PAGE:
The red syrup overflows, leaking out of the white cone onto my glove. I set the bottle down, then jab at the stainless steel counter with a paper towel, still keeping an eye out for Bryce.

Finally, he emerges. He’s carrying someone up the pool’s sloped ramp, but when the crowd parts, I see that the “victim” is actually a bikini-clad teenager. Her arms are wrapped around Bryce’s thick neck. It looks like she’s about to kiss him.

He sets her down, letting his hand linger on her arm, and they start talking—flirting, from the looks of it. My initial relief flares into anger. Does he think this is all just a game?

I wish I could report Bryce for abandoning his post, but that wouldn’t do any good: he only works here because his dad is the general manager. To Eric Dawson, and everyone else, Bryce can do no wrong.

I’ve had enough. That girl smiling up at him has no idea who he really is, and this will just keep going on and on, unless…

Unless I do something about it. And at the retreat tonight, I’ll have the perfect opportunity.

Tonight, he’s going to pay for what he did to my sister.

But my revenge plotting will have to wait, because right now, I’ve got a job to do. I finish up the snow cone and hand it to the wet-haired little kid on the other side of the counter. She doesn’t look pleased when I place the red-and-green-and-yellow cone into her outstretched hands.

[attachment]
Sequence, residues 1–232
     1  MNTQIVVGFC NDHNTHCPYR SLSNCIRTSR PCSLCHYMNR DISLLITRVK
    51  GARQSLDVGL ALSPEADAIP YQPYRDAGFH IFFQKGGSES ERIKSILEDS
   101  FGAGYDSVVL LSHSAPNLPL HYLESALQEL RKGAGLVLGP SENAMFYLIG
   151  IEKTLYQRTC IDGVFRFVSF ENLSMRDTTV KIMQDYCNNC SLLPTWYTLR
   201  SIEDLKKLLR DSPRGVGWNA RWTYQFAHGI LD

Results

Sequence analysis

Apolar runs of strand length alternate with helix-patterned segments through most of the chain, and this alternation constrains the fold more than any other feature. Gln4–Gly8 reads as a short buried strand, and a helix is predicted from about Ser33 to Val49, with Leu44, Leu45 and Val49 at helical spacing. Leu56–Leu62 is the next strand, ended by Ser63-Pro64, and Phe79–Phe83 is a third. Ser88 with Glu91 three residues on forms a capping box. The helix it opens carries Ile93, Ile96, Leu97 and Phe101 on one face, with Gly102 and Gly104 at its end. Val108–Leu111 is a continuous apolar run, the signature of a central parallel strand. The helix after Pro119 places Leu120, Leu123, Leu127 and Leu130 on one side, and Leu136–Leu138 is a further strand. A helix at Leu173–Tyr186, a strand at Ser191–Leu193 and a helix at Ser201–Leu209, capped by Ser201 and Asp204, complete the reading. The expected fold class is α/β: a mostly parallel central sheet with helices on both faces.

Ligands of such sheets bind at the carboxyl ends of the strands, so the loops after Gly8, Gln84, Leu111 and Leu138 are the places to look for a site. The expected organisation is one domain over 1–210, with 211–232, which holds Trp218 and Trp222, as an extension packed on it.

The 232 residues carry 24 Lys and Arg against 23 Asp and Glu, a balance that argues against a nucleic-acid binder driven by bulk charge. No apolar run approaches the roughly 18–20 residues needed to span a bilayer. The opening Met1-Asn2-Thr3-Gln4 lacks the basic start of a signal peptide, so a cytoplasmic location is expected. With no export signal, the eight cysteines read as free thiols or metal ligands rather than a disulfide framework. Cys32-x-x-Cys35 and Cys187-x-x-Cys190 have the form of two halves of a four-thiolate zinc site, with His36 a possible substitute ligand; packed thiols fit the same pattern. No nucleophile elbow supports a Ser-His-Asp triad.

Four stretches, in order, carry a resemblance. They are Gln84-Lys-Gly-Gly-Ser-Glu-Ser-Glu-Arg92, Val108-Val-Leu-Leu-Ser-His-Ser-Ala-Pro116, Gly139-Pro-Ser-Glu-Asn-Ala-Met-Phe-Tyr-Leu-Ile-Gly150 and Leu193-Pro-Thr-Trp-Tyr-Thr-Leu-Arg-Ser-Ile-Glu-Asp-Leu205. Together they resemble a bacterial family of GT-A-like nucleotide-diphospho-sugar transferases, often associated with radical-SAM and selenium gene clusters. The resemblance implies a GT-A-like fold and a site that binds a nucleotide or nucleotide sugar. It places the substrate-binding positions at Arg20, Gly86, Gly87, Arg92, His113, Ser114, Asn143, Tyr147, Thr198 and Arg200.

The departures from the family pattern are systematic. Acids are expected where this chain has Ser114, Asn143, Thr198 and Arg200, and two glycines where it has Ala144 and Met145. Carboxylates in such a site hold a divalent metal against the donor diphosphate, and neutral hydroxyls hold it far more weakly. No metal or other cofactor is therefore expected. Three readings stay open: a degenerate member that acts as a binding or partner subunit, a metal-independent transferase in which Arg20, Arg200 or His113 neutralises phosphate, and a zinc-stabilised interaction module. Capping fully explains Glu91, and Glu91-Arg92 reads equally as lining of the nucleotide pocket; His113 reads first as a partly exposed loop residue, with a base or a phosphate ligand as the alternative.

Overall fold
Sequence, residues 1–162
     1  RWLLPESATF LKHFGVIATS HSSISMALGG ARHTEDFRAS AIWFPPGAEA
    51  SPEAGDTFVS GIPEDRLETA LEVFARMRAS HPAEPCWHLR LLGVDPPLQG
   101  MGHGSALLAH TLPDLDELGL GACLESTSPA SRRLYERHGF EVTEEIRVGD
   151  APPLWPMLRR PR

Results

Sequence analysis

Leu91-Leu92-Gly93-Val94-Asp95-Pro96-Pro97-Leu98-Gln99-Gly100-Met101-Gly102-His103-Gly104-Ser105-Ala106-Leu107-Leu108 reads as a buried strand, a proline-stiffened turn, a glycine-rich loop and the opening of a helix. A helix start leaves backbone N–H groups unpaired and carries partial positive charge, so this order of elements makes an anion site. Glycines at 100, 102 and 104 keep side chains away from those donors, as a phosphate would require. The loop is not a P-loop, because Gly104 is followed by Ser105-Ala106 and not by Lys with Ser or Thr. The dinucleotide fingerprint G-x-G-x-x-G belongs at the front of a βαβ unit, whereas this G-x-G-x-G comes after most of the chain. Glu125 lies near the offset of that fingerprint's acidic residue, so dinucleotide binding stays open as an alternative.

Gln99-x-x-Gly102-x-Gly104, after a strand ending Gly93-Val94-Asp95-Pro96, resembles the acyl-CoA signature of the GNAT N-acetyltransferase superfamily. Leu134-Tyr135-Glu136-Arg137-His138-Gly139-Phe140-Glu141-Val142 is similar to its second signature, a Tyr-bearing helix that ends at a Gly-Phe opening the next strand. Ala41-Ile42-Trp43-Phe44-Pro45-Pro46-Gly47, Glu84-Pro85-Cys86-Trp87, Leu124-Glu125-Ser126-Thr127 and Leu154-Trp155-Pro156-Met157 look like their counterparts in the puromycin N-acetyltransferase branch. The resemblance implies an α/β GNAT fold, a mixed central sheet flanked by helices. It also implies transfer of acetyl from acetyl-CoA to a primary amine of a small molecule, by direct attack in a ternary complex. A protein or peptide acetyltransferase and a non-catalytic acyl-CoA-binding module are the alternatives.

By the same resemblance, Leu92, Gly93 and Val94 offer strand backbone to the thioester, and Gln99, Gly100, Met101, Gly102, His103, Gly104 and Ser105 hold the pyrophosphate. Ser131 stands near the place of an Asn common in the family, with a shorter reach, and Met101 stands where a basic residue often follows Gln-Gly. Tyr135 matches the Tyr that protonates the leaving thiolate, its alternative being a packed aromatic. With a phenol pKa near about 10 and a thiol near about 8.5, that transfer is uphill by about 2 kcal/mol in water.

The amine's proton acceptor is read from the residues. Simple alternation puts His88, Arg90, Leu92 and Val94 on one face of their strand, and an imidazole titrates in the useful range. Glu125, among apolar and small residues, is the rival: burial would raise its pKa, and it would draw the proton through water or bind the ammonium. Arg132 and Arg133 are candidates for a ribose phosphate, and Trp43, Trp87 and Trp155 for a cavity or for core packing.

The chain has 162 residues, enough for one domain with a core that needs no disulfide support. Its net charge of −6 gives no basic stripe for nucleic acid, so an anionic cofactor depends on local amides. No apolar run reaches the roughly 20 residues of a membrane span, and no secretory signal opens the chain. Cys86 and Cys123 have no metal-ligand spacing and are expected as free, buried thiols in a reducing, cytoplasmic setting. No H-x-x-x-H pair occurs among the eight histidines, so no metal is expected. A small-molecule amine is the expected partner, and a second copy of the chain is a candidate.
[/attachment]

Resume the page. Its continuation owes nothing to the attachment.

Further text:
“It’s supposed to be rainbow.” She sounds semi-heartbroken, as if her whole afternoon at the water park has been ruined by the shaved-ice girl’s inability to keep blue syrup in stock. 

I probably shouldn’t care. But something about this kid yanks at my heart. Maybe it’s her chunky little torso, the way the swimsuit fabric stretches taut against her belly. I want this to be a good day for her. “I’m sorry. We’re out of blue raspberry.”

It’s been at least an hour since I radioed the kitchen asking for more. I’m also out of churros, and about to reach mission critical on nacho cheese stock. Pretty soon everyone in line will start revolting, demanding their amusement park snacks. Maybe they’ll get so angry that they’ll force me to climb to the top of the highest slide tower and walk the plank. That’ll teach the kitchen staff to forget about me! They’ll feel so terrible about my untimely demise that they’ll erect a tombstone for me in the faux-graveyard out by the shipwreck in the jungle. Here lies Valencia Roberts, the best Seven Seas employee ever to shave ice.